Tag Archives: Foreword

Katherine Bomer on Amy Ludwig VanDerwater’s Poems Are Teachers

Poems Are Teachers

Amy’s grand title, Poems Are Teachers: How Studying Poetry Strengthens Writing in All Genres, names the promise of this book, and every ravishing word thereafter supports that thesis and never lets us down. Amy convinces us that devoting time to deep study and practice of the specific features and techniques of poetry will elevate any type of prose, and we should determine to make plenty of space for poem reading and writing in our classrooms.

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Rozlyn Linder on Lee Heffernan’s new Back and Forth


The following is Rozlyn Linder's foreword from Lee Heffernan's new book, Back and Forth: Using an Editor's Mindset to Improve Student Writing


Guilty as charged. I can recall numerous times when I asked a student, “Are you ready to publish your writing?” I swiftly sent them off to rewrite, type, or illustrate their work. That writing was then retired to a class bulletin board, or even worse— my desk. Done. That was the end of that piece. It now belonged to me. Lee Heffernan has shown me the error of my ways.

Lee’s book speaks to the idea of student empowerment, accountability, meaningful writing, revision, and publishing. Her work essentially shows us how to move students from fake writing (writing that is just for the teacher) to writing that has purpose and passion. Lee manages to marry process and product in a way that will inevitably set a new standard for writing instruction for teachers everywhere. Her work breaks ground with tenets that shift our writing instructional norms and inspires students.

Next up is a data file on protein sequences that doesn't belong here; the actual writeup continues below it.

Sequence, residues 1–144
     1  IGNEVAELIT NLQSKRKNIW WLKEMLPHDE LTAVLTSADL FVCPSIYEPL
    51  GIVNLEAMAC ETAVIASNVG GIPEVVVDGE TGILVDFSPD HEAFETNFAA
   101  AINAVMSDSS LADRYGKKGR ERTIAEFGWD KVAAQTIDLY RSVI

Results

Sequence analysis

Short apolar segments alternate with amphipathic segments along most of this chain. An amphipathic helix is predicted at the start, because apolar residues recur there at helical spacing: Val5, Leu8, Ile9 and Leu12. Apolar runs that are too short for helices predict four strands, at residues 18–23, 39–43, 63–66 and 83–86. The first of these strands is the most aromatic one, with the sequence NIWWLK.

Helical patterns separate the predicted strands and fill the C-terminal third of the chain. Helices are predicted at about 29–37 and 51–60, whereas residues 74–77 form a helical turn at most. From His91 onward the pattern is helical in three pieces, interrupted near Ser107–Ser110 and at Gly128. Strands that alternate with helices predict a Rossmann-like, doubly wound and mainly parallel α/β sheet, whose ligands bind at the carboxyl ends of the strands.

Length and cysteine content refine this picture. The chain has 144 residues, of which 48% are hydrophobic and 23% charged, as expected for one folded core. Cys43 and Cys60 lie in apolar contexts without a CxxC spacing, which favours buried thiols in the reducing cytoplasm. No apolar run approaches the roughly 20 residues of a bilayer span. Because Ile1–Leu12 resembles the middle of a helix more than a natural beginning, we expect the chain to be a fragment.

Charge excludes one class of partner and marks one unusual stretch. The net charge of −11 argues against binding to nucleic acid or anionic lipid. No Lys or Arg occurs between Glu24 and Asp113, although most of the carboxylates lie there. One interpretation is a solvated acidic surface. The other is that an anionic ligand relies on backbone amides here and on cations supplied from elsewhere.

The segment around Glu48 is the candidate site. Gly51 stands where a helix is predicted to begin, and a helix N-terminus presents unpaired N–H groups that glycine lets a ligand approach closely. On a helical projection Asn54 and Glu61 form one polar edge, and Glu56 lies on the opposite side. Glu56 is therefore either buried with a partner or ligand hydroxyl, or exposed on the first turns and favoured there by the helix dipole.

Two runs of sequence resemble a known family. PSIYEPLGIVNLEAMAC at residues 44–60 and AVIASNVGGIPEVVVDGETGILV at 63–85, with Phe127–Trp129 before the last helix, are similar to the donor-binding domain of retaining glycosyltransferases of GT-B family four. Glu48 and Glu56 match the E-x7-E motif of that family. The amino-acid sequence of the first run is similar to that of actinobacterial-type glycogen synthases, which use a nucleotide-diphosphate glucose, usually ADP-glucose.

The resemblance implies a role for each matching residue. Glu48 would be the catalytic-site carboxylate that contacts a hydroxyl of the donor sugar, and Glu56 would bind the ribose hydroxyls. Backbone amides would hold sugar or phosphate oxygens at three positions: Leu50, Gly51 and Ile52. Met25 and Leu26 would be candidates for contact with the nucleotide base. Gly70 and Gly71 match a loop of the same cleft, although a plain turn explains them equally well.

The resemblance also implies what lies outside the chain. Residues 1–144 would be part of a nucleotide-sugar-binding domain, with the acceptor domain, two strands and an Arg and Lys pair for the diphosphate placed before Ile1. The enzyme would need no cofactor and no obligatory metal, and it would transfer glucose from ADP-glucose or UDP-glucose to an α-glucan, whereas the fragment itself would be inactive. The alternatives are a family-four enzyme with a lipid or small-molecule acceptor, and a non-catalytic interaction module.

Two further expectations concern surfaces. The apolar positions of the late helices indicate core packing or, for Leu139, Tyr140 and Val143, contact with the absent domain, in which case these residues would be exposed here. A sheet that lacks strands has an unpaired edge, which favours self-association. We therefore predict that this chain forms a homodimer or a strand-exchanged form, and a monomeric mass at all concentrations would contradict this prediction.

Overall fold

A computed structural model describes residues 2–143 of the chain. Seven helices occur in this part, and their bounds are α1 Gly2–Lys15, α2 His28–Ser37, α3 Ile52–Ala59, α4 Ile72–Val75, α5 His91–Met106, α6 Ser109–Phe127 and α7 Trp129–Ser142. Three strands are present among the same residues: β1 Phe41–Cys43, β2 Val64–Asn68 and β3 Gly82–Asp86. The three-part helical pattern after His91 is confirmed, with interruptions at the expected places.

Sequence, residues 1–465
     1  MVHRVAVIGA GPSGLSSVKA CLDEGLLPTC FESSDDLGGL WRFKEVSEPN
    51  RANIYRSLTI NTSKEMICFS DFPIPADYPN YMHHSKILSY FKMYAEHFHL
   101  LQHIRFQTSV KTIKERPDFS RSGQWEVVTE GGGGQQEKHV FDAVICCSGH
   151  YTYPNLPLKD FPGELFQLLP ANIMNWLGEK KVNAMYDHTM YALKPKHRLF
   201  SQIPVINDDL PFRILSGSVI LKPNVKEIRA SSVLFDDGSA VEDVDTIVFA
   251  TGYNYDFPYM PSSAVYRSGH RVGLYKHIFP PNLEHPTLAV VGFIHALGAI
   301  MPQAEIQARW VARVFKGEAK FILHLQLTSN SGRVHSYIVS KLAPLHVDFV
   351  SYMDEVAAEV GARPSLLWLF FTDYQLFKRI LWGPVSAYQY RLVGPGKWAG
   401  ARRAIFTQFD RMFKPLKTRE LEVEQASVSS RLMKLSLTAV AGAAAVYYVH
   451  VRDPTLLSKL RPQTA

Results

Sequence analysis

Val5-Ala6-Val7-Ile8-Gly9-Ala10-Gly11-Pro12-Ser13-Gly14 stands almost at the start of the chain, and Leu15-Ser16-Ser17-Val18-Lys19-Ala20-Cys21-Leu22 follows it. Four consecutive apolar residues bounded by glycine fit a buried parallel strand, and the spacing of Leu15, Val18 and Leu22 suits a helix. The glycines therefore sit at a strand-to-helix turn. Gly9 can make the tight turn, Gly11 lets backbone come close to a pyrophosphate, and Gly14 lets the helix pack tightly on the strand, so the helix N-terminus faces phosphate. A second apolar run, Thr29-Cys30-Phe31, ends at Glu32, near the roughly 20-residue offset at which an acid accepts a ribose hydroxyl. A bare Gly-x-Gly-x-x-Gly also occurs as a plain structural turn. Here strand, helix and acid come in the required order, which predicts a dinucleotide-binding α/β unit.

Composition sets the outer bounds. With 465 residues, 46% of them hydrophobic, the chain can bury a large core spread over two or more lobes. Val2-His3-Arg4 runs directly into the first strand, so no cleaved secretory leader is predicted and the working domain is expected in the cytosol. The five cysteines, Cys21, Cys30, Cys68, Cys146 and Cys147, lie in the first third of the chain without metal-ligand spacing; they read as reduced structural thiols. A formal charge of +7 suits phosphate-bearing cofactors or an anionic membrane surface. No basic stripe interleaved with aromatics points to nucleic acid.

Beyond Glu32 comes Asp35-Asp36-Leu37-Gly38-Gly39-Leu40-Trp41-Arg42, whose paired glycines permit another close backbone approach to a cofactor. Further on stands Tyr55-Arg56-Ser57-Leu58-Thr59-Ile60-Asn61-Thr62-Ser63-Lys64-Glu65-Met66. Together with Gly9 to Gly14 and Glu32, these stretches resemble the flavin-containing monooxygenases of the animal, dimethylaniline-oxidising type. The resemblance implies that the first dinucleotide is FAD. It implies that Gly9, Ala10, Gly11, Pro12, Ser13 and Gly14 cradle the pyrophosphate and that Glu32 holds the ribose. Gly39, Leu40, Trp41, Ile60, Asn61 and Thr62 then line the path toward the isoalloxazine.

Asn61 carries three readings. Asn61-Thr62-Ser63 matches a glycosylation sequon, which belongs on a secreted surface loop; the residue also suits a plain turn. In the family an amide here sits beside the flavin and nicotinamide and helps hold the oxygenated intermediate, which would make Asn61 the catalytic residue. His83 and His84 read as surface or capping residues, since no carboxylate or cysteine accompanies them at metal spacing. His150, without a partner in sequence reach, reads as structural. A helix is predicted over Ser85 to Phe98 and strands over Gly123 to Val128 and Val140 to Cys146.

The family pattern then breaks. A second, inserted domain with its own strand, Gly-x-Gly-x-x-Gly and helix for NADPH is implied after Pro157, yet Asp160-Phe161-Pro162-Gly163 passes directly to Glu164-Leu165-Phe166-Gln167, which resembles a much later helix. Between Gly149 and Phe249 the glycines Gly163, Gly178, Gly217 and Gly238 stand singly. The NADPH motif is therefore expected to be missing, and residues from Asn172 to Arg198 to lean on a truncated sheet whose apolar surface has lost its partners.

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Breathing New Life Into the Talk in Your Classroom


Below, read the foreword to Kara Pranikoff's Teaching Talk, written by Sonja Cherry-Paul and Dana Johansen. Sonja and Dana are the co-authors of Teaching Interpretation: Using Text-Based Evidence to Construct Meaning.

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Kara Pranikoff is the literacy coach teachers and students all dream of. She’s a listener, an observer, and a thinker. It wasn’t long upon first meeting Kara that we were quickly drawn into discussions about pedagogy and practice. She asked insightful questions about our classrooms, and although we discussed curriculum and challenges, our students remained at the center of our conversation. A few minutes with Kara and you know you are speaking with a literacy expert. So it’s no surprise to us that she wrote a book about cultivating talk in the classroom.

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